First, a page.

Serving to Therapeutic: Supporting Abuse Survivors
Mourning Grace UK turns ten this year. Our mission is to support abuse survivors, especially survivors of clergy abuse, by running a special retreat program, a self-help group and a counseling center. There can be no triumph over this anniversary, much less in the midst of a lockdown preventing us from running our residential programs. However, the milestone definitely indicates the continuing need for such a ministry that understands that abuse trauma not only leaves a devastating psychological impact, but also an embodied spiritual impact that can only be healed through the integration of these various elements.
Hopefully the anniversary will also be a sign of God's blessing on our work as it had to overcome significant obstacles from the start.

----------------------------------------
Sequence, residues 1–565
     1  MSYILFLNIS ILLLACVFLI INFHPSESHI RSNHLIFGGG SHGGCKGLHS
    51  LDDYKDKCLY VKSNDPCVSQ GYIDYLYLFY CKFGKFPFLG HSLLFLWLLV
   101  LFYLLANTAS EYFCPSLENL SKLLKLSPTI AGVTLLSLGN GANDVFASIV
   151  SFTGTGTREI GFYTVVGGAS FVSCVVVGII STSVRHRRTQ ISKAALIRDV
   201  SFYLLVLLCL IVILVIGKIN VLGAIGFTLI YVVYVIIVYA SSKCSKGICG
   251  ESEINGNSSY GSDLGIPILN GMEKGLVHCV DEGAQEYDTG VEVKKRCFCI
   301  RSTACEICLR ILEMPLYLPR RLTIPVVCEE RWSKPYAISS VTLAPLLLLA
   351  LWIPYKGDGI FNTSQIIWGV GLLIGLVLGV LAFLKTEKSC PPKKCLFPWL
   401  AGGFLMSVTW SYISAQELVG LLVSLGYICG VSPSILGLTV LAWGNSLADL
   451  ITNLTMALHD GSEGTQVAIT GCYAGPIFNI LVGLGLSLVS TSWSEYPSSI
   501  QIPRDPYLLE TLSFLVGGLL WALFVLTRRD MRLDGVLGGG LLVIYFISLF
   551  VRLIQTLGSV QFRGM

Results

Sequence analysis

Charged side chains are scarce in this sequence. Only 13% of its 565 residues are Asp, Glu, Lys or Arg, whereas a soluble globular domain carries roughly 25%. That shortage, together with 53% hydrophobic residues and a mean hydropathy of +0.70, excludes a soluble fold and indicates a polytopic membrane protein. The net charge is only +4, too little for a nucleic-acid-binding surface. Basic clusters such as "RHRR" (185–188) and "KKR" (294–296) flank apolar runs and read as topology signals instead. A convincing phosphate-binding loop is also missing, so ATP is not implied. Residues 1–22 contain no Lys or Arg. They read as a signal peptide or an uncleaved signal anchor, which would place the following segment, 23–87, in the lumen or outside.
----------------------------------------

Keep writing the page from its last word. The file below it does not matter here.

What does a Grief to Grace retreat program offer? A safe place to start exploring the wounds caused by abuse. It's a safe place as it's curated by a team of mental health professionals, spiritual priests, and trained volunteers who all understand how the trauma of abuse affects every aspect of one's identity and relationship with God, others, and too true self affects itself. (Many members of the team are abuse survivors themselves).
While it may initially seem counter-intuitive to investigate such wounds in a group, the group quickly bonds together to increase security and end the secrecy, isolation, and shame that are the legacy of abuse. Working in a group also avoids the kind of exclusive transference that occurs when counseling from a therapist or priest is the only means of healing. Such transference often repeats aspects of attachment to an abuser who, while similarly promising mentoring and security, led to betrayal and was bought at the price of great trust.